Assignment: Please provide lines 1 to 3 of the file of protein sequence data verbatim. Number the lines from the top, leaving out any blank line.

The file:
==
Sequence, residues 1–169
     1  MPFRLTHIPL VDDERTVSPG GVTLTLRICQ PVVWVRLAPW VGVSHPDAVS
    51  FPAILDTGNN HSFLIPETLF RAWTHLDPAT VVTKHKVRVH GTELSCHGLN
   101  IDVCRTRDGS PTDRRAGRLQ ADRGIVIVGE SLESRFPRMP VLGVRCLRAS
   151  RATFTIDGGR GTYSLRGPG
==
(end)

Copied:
Sequence, residues 1–169
     1  MPFRLTHIPL VDDERTVSPG GVTLTLRICQ PVVWVRLAPW VGVSHPDAVS
    51  FPAILDTGNN HSFLIPETLF RAWTHLDPAT VVTKHKVRVH GTELSCHGLN